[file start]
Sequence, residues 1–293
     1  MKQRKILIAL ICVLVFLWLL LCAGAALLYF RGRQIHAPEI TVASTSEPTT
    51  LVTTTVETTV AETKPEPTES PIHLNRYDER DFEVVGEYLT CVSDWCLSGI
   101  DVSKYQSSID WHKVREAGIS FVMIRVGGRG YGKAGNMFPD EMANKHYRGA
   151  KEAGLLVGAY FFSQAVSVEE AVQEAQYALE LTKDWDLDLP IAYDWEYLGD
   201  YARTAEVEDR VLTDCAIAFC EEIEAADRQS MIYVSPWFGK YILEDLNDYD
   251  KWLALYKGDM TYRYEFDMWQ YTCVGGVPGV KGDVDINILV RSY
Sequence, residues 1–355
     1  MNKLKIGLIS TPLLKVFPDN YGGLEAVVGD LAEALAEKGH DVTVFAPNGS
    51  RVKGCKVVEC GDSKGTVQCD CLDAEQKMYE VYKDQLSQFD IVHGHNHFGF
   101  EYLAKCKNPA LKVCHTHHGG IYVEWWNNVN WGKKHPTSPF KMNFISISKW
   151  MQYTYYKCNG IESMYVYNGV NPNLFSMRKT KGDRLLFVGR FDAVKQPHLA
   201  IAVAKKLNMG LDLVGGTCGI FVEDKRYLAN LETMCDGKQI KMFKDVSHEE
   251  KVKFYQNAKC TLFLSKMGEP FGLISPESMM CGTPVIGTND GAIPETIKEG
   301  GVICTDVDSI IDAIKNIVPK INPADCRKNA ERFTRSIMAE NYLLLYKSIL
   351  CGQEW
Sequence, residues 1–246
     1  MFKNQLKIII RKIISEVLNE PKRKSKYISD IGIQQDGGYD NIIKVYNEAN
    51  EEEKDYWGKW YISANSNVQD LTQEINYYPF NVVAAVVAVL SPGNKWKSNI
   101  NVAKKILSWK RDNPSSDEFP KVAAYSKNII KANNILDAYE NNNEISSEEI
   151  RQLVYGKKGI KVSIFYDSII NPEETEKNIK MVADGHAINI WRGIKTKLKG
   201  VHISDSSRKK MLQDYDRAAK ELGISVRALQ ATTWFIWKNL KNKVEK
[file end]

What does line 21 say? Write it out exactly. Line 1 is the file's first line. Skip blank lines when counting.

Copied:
   151  RQLVYGKKGI KVSIFYDSII NPEETEKNIK MVADGHAINI WRGIKTKLKG